Archive for August, 2007

Thursday Morning Riddle

Thursday, August 30th, 2007

I am housing assigned for enlisted or brass;
I can help you do laundry, or park with no pass;
I’m divided semesters for college kids’ class,
And then afterwards something they put in a glass.

Who am I?

UPDATE: Riddle solved by Annalisa. See comments for answer.

Film: Branagh’s As You Like It

Wednesday, August 29th, 2007

When director Kenneth Branagh set the opening speech of Henry V in a movie lot, he was announcing a new philosophy for putting Shakespeare on film. This philosophy is well explored in his latest film, As You Like It. It’s not a perfect film, but I greatly enjoyed watching it, and I expect to give it many more viewings in the near future and likely for years to come.

Shakespeare was writing for the stage, but Branagh has the ability to show with vivid action events that Shakespeare could only describe. In some cases, that worked well, like in the exciting palace coup in the beginning. In other cases, I missed Shakespeare’s language. Believe it or not, actually seeing Orlando wrestle with the lion was far less satisfying than those times when I’ve heard Oliver describe it.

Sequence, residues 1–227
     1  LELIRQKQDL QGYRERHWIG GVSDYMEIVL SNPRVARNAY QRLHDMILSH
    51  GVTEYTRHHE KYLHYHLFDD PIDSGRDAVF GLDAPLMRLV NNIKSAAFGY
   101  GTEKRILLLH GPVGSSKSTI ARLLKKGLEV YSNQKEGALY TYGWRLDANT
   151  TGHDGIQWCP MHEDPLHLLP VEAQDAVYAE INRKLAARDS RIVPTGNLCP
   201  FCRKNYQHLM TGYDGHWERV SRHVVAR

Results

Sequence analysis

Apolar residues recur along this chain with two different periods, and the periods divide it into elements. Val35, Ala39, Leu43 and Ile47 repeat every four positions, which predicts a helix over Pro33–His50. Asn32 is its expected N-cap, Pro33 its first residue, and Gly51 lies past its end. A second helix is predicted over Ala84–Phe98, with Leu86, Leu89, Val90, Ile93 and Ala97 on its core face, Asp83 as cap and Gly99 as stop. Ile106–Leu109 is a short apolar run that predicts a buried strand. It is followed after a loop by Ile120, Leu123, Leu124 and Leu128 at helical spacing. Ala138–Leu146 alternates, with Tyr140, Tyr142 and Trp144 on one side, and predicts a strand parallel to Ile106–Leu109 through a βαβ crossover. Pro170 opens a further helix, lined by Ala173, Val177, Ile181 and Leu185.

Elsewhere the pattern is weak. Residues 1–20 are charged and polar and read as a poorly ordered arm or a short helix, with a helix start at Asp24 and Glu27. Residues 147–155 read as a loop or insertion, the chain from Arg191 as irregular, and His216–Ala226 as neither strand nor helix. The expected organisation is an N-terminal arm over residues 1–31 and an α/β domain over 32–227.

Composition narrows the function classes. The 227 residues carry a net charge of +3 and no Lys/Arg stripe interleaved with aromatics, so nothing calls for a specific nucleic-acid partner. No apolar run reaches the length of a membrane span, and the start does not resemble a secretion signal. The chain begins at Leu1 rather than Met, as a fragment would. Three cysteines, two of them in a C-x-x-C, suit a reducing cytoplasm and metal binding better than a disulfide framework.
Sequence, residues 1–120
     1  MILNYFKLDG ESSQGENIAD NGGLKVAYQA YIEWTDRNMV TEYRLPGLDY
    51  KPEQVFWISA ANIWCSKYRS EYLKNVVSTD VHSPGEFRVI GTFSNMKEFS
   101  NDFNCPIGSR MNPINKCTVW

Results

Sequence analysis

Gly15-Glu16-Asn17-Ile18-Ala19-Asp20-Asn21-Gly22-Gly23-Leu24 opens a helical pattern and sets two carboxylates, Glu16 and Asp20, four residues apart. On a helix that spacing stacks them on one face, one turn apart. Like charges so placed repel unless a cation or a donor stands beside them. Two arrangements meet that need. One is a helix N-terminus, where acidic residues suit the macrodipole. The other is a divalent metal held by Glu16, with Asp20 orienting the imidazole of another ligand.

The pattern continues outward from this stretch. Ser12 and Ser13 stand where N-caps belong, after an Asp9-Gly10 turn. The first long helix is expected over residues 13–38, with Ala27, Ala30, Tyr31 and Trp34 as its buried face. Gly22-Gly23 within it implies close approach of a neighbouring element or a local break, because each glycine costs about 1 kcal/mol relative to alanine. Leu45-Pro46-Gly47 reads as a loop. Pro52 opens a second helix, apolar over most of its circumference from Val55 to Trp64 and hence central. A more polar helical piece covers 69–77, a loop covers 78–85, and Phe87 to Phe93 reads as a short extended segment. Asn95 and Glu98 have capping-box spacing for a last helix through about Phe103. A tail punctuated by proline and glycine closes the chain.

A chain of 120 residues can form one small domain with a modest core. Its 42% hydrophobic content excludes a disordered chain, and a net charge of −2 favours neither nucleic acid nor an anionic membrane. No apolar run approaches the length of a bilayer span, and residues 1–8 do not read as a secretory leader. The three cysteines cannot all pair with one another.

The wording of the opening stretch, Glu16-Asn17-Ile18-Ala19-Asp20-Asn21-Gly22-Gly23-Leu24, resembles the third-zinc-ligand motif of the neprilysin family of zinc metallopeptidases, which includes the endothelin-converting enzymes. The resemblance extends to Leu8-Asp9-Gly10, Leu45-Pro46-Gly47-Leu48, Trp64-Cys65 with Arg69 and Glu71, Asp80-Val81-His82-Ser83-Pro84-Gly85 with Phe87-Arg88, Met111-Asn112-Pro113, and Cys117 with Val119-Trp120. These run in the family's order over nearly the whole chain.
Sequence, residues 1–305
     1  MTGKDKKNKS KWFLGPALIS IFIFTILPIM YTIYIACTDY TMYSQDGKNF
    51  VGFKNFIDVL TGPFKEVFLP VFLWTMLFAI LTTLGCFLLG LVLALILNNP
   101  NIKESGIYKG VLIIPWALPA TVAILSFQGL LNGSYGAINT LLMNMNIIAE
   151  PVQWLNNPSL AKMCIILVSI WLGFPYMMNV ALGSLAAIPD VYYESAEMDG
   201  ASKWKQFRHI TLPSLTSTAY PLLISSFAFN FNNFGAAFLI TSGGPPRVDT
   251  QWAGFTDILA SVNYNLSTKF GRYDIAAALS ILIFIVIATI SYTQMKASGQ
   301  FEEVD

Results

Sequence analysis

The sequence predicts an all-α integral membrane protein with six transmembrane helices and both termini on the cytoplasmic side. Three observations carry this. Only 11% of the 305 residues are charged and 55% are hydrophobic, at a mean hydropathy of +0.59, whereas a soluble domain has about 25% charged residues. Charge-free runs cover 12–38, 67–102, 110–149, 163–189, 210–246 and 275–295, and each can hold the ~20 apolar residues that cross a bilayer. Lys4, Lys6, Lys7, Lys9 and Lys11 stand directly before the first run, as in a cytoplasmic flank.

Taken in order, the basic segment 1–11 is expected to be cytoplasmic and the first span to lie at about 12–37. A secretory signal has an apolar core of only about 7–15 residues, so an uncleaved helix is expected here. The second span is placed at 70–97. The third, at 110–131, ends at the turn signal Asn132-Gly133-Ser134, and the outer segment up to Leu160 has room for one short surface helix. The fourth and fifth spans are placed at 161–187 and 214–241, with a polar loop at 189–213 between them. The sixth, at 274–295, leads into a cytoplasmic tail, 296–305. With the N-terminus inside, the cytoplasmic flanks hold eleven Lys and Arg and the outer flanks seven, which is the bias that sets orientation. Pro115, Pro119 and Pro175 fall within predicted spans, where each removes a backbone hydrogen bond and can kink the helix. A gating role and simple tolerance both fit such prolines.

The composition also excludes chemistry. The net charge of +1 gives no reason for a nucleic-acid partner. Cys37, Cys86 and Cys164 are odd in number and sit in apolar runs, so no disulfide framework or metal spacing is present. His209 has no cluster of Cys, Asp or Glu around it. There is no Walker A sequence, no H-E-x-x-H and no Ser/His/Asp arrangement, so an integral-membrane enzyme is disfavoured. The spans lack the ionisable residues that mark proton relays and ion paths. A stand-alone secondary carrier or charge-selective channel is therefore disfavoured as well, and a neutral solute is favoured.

Branagh set his film in Japan, a bold choice that is supported by an on-screen description of 19th century British enclaves in Japan. This had the potential to draw a much sharper distinction between those fleeing the court and the rustics of the forest. However, Branagh contrived to allow Corin and Audrey to remain English. Both actors did a fine job, but an opportunity was lost. Phoebe and Silvius seemed to be English actors of Asian descent. Only the character of William truly embodied the potential of setting the play in a 19th century Japanese forest. I was left wondering why the film was set in Japan at all. Still, the external trappings of the Japanese setting were visually impressive. I enjoyed the ninja soldiers and Charles as sumo wrestler, the Japanese characters and kimonos, but in the end, there seemed to be very little actual consequence to choosing Japan as a setting.